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My method of teaching is through the continual evaluation of each student and their unique strengths, needs, and preferred teaching styles. Rather than using memorization to teach, I incorporate knowledge into a global understanding. I fully enjoy meeting and teaching students, and I look forward to meeting you or your child to help you succeed!

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Kathryn’s Qualifications

Education & Certification

Undergraduate Degree: Georgia State University - Bachelor in Arts, Philosophy


meeting new people, singing, reading, songwriting, teaching, humor/comedy, music

Tutoring Subjects

Adult Literacy

AP English Language and Composition

College Application Essays

College English

College Essays

Creative Writing

Elementary School

Elementary School English

Elementary School Reading

Elementary School Science

Elementary School Writing


English Grammar and Syntax

Essay Editing

Expository Writing

Fiction Writing

GED Prep

GED Reasoning Through Language Arts

High School English

High School Writing

Homework Support

Middle School English

Middle School Reading

Middle School Reading Comprehension

Middle School Writing


Persuasive Writing


Spelling Bee

Test Prep


Q & A

What is your teaching philosophy?

All students, especially children, have a desire to learn that is as important to cultivate as is the knowledge itself. The interpersonal gratification of learning and teaching is a beautiful thing, and it is a joy and an honor to accomplish.

What might you do in a typical first session with a student?

I like to give informal pre-assessments based on the student's required material and ask the student if she/he, her/his teacher/ or her/his parents have suggestions on what to work on.

How can you help a student become an independent learner?

Tips and tricks for how to read and to answer questions critically are quite translatable to independent learning, as are "shortcuts" or easy ways to remember certain rules.

How would you help a student stay motivated?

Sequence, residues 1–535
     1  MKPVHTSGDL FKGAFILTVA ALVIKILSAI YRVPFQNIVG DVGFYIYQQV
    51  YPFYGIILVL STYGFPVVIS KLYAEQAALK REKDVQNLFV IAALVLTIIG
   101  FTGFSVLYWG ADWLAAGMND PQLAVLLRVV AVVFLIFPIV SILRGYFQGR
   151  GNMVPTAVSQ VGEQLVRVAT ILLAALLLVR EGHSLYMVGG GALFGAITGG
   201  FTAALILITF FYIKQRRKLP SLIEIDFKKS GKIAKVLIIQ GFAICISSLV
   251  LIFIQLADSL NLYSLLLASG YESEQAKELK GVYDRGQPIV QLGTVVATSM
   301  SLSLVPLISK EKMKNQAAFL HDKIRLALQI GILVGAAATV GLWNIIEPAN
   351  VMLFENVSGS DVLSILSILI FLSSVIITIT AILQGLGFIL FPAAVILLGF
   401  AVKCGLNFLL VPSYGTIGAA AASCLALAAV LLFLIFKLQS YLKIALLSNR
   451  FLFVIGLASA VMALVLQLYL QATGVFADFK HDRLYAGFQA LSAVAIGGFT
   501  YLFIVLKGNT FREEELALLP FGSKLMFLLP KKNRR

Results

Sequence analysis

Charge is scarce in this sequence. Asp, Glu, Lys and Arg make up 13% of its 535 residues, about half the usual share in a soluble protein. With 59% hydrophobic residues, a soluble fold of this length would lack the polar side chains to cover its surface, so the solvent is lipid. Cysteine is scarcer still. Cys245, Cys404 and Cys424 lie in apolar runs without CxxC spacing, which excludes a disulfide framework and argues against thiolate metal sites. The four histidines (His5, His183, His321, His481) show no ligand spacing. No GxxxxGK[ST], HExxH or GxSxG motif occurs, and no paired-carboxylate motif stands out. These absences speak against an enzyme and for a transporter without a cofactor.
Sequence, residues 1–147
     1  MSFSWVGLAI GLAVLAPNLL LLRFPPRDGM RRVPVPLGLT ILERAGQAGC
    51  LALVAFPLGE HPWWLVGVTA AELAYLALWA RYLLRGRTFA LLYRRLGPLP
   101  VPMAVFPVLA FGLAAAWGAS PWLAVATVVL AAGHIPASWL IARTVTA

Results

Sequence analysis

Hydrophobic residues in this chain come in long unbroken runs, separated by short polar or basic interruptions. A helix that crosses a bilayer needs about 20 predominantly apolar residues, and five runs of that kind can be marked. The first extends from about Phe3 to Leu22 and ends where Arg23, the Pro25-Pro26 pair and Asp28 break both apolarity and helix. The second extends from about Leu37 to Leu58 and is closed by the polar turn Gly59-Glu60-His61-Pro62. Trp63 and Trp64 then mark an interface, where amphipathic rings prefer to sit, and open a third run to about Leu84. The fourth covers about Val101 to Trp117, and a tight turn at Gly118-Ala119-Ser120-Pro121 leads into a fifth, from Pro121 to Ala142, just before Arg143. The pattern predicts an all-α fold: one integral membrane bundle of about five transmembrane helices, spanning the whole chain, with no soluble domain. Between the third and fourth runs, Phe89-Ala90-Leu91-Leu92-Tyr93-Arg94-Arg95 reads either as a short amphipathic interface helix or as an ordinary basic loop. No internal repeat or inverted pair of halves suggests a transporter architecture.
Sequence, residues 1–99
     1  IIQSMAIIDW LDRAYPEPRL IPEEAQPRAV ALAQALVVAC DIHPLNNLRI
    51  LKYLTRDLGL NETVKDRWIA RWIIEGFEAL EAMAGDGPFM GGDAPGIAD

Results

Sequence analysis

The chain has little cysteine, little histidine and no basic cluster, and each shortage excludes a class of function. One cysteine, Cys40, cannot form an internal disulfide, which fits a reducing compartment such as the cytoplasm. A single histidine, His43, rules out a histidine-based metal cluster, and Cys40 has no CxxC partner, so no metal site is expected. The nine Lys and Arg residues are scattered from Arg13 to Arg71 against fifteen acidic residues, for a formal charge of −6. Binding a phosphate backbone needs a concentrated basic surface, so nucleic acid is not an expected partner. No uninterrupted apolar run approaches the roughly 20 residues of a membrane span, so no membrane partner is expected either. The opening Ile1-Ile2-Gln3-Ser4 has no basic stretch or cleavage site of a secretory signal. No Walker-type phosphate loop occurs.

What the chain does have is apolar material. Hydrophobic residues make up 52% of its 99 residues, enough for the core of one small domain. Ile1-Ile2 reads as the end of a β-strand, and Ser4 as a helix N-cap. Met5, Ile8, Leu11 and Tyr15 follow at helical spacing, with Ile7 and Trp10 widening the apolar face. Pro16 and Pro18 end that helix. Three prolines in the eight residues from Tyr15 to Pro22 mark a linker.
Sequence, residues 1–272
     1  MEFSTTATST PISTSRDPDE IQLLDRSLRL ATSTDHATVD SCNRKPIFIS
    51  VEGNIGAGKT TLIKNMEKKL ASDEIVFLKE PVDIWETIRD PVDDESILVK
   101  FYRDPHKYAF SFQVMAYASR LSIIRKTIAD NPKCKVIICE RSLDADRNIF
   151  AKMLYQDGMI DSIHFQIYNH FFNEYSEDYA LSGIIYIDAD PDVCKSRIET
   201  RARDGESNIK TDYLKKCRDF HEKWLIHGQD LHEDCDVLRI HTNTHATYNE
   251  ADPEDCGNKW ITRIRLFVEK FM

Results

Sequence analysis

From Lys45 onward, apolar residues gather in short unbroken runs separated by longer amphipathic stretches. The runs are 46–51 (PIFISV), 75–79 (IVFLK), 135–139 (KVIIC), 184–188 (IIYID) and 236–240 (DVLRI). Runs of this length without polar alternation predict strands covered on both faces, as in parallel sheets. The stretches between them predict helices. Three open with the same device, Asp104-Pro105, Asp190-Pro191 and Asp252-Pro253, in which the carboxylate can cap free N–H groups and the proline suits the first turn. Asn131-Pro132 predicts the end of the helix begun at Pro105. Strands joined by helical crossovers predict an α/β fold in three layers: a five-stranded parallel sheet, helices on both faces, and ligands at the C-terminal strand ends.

I am the type of tutor to come up with a tasty treat for a reward, and I give little, informal pep-talks to keep the kids encouraged. I also try to inspire them with my own stories!

If a student has difficulty learning a skill or concept, what would you do?

Usually, a student can only handle a few minutes at a time learning a given concept. When the student needs a break, I will go on to a different concept, come back to the problematic one after a short period, and try to have come up with a new way to explain the skill.

How do you help students who are struggling with reading comprehension?

I give them tips about how to read the questions and about how to read the material in ways that can save them time and effort. I also teach them about concepts such as using keywords to find useful information regarding the theme, tone, and causes and effects.

What strategies have you found to be most successful when you start to work with a student?

Every student is different, but most students are better with rotating subjects--with not spending too much time on one particular part until everything else has been pieced together. Reward systems help, too!

How would you help a student get excited/engaged with a subject that they are struggling in?

I am a firm believer in praise and in patience. Also, I try to make jokes every now and then! My best teachers and professors have always had a great sense of humor; it keeps the kids engaged.

What techniques would you use to be sure that a student understands the material?

I ask review questions. For subjects such as math and science, of course, quizzes and reviews on paper are preferable, but I find that the dialogue involved in oral reviews can be helpful in understanding and in retaining the information.

How do you build a student's confidence in a subject?

Praise when a student gets an answer is only one way to inspire confidence. Patience and encouragement when the student gets it wrong are just as important, so I make sure to remind students that every time they get a wrong answer, they get closer to the right one.

How do you evaluate a student's needs?

I give little quizzes and reviews that encompass concepts as fully and as concisely as possible.

How do you adapt your tutoring to the student's needs?

I make sure to use language the student can understand. Tone--from stern to delighted--is also very important. And, of course, whenever a student shows that he or she does not understand a certain concept or fact, I make sure to spend extra time on it.

What types of materials do you typically use during a tutoring session?

I use good old paper, pencil, a calculator (only if necessary), and sometimes, I use a computer. The most important materials are the student and the tutor!

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